The following are the eight best business-class antivirus tools for Android, according to AV-TEST’s January 2020 evaluations of 17 Android security apps. (The AV-TEST Institute is a Germany-based independent service provider of IT security and antivirus research.)
AV-TEST rates each tool for three areas: protection (six points max), performance (six points max), and usability (six points max). Seven of the products listed here all had perfect scores of 18, while one–Securion OnAV 1.0–lost just a half point.
The average real-time malware detection rate for all apps tested was 96%. The real-time detection rate of Android malware discovered in the past four weeks was also 96%.
How to use these antivirus test results
Keep in mind that these tests were done in a lab environment. Different enterprise systems with different threat models will see different results for each of the products listed below. In other words, don’t expect that a 100% detection rate in the lab means that a product will detect all antivirus threats on your network. One reason is that it can take days for a newly submitted malware sample to make it into any given antivirus product’s database.
What the AV-TEST results show is which Android antivirus products are consistently the best at the fundamentals of malware detection and have minimal impact on system performance. That makes a good starting point as you evaluate which products work best for your environment.
The apps below are in alphabetical order.
The best Android antivirus apps
- Avira Antivirus Security 6.3
- Bitdefender Mobile Security Version 3.3
- G Data Internet Security 26.6
- Kaspersky Internet Security 11.36
- Norton 360 4.7
- Securion OnAV 1.0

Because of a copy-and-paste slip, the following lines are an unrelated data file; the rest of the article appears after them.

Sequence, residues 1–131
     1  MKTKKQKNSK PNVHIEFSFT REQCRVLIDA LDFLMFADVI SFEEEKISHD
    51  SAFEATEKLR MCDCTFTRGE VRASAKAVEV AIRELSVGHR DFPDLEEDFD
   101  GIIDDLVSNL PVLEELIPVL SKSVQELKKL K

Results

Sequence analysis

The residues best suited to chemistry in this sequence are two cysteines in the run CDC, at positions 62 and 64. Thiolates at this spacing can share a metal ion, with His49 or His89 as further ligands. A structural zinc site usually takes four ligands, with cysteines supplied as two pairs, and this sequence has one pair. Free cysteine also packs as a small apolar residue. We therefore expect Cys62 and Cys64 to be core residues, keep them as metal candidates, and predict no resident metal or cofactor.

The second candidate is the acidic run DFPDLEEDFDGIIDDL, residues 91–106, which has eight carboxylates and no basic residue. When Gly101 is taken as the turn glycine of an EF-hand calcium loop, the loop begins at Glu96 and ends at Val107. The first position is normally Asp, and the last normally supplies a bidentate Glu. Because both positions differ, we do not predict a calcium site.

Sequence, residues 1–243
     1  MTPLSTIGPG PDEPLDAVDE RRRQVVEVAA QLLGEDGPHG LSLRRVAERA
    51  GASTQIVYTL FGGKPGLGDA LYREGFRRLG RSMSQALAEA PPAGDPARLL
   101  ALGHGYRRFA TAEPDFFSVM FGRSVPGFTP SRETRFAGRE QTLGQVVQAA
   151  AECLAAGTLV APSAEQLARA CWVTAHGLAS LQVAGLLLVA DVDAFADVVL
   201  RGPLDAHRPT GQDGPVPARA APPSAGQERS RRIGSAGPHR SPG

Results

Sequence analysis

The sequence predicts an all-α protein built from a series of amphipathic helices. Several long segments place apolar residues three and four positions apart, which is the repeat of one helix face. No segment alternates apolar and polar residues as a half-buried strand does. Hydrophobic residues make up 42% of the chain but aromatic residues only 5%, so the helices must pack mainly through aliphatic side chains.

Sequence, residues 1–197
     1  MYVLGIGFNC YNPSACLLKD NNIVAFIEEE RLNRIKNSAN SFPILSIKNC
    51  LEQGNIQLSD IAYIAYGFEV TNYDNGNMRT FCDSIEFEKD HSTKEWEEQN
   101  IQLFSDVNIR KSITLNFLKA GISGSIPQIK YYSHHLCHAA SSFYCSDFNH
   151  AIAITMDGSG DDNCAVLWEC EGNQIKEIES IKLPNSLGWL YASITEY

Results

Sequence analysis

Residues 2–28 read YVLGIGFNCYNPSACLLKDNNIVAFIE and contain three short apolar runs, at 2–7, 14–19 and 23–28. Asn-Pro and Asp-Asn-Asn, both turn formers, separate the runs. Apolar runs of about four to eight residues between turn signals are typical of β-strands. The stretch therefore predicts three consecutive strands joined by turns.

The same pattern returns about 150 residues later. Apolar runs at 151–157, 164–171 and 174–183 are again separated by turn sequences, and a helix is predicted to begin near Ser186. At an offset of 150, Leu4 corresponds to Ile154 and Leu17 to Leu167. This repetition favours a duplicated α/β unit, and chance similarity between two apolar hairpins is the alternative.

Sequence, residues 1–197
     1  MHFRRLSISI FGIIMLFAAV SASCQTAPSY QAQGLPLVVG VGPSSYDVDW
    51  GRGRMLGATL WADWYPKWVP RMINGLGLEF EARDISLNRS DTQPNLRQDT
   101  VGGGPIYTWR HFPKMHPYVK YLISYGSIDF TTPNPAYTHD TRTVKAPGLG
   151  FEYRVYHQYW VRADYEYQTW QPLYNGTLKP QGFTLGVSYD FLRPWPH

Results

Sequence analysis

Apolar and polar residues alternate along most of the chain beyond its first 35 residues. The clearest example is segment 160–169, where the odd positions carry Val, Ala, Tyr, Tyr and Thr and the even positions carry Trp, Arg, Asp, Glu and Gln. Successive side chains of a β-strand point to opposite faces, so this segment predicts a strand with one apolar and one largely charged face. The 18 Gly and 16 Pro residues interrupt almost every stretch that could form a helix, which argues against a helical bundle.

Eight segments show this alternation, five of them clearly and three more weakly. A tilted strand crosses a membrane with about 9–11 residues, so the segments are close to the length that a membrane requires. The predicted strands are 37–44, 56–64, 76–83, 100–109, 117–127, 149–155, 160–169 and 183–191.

- SK Telecom T guard 3.01
- Trend Micro Mobile Security 11.1
Avira Antivirus Security 6.3
Avira Antivirus Security wasn’t quite perfect on protection, detecting 99.8% of malware attacks in real time. It did check all the boxes on performance and gave no false warnings. The app’s feature set includes application control, privacy advisor, VPN, and safe browsing.
Bitdefender Mobile Security Version 3.3
Bitdefender Mobile Security’s Android malware detection in real-time is 100%, and it discovered the newest Android threats discovered in the last four weeks 100% of the time as well. For usability, the app gets big check marks for not dragging down battery life or device speeds. AV-TEST found zero false warnings during installation/usage of legitimate apps from Google Play or during installation and use of apps from third-party stores.
Unlike some Android malware protection apps, Bitdefender’s Mobile Security offers anti-theft features, including remote lock, wipe, and locate, as well as safe web browsing and phishing protection. Like many other Android security tools, it doesn’t include message filtering or call blocking and doesn’t support all types of encryption. Additional features not evaluated include app lock and a privacy advisor.
G Data Internet Security 26.6
G Data’s Internet Security has more features than many of its other top-rated competitors. AV-TEST checked the boxes for remote lock, wipe, and locate; call blocking; message filtering; safe browsing; and parental control. The app does not enable personal data to be saved to an SD card or cloud storage or provide a VPN feature.
Internet Security’s real-time Android malware detection rate was 99.9%, and it detected threats discovered in the past four weeks 100% of the time as well. The app issued zero false warnings during installation and use of legitimate apps from third-party app stores.
Kaspersky Internet Security 11.36